This week’s Torah portion, Parashat VaYechi, is the 12th and final parashah in the book of Bereshit ( aka Genesis), after Judah showed, last week, how to draw near to danger, and take responsibility, making a tiny bit of repair for what he (almost) did to Tamar, in parashat VaYeshev, who knew and fought daringly for her rights. Now, we see the end of an epoch.
The week before last week, Joseph resolved a long-term nation-wide problem, but all of Egypt becomes serfs, or worse. This week shows the biased blessing by Jacob, and Joseph insisting that he be buried way up north, eventually. Then, he dies, and is buried in Egypt. Now, an uncertain future awaits, as always. Joseph’s legacy was a complicated one, no?
How can we make the future more certain and safe for all of us?
What do you think, Thoughtful Readers?
1.) Share your thoughts on how long term legacies, and how taking of care of one another might help keep all of us safer, please.
2.) Write a book, story, post or tweet that uses these thoughts.
Parasha 11, VaYigash, or And He Drew Near…
Dear Readers, ideas on learning, especially multiple #LanguageLearning, on-going education and empathy-building, to #EndPoverty, #EndHomelessness, #EndMoneyBail & achieve freedom for All HumanKind?
Support our key #PublicDomainInfrastructure & #StopSmoking for COVID-19:
2. #ProBono legal aid and Education,
3. #UniversalHealthCare, and
4. good #publictransport
-we can learn from the past Stayed on Freedom’s Call for free,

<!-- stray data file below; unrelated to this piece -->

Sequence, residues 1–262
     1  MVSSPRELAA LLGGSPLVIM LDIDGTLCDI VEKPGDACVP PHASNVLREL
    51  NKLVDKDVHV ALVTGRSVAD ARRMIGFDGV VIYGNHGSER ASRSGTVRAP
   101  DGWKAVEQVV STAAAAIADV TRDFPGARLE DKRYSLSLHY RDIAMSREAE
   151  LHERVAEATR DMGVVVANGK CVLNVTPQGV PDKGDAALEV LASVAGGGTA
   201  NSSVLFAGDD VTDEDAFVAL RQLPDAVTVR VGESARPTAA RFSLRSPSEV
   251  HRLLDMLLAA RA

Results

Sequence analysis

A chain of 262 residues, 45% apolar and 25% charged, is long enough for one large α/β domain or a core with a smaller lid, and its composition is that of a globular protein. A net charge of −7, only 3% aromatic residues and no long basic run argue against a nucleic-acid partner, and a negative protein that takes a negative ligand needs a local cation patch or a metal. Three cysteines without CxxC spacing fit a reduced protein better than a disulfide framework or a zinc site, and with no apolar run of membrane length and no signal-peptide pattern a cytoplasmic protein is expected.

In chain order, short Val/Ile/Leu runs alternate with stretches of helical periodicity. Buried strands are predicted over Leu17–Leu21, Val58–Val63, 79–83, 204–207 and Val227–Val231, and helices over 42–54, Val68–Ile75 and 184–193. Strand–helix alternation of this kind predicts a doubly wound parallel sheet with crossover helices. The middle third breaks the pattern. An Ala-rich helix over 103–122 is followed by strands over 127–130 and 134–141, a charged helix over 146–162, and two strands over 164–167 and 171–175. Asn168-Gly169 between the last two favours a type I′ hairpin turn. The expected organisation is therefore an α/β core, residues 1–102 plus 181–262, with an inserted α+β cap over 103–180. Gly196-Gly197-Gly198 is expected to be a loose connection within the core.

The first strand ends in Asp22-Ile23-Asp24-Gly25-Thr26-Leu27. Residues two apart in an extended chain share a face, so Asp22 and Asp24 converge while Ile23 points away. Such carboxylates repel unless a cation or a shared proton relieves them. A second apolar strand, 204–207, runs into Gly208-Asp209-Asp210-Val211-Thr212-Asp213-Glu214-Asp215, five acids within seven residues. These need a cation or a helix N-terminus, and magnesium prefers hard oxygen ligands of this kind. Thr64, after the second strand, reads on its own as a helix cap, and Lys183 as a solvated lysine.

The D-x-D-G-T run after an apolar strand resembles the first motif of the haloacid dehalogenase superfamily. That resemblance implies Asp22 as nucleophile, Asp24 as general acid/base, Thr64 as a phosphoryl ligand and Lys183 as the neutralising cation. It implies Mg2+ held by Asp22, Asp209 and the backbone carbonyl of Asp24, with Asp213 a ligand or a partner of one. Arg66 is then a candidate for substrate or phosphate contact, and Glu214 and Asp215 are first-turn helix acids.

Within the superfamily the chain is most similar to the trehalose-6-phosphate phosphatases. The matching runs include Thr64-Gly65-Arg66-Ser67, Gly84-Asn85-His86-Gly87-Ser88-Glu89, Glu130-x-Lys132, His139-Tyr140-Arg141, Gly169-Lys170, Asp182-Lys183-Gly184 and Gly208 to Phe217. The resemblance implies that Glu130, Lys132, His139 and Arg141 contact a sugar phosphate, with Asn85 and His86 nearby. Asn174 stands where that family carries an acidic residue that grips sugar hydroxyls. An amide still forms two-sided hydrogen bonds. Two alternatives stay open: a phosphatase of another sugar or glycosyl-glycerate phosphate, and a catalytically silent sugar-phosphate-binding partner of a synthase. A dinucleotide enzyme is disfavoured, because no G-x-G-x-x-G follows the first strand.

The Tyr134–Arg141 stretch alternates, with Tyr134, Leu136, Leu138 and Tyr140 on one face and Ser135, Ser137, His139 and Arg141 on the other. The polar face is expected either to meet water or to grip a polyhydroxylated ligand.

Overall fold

by Teaching and Learning (Lesson Plans offline) in the present, to
help build a kinder future, and Project Do Better: We can build a Better World
( Golden 5 month GED lesson 22 of 67 plans),
and Babylon 5 review posts, from a Minbari Ranger’s perspective,
and can historical fiction stories inspires learning and courage, Ann and Willow??
Shira Destinie A. Jones, MPhil, MAT, BSCS
the year, 2021 CE = year 12021 HE
Stayed on Freedom’s Call
includes two ‘imagination-rich’ walking tours, with songs, of Washington, DC. New interviews and research are woven into stories of old struggles shared by both the Jewish and African-American communities in the capital city.
Shared histories are explored from a new perspective of cultural parallels and parallel institution-building which brought the two communities together culturally and historically.
Please leave a review, if you can, on the GoodReads page.
Shira Destinie Jones’ work is licensed under a Creative Commons Attribution-NonCommercial-ShareAlike 4.0 International License.
4 thoughts on “Parashat VaYechi, and Endings”
Reblogged this on Ned Hamson's Second Line View of the News.
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Thank you, Ned.
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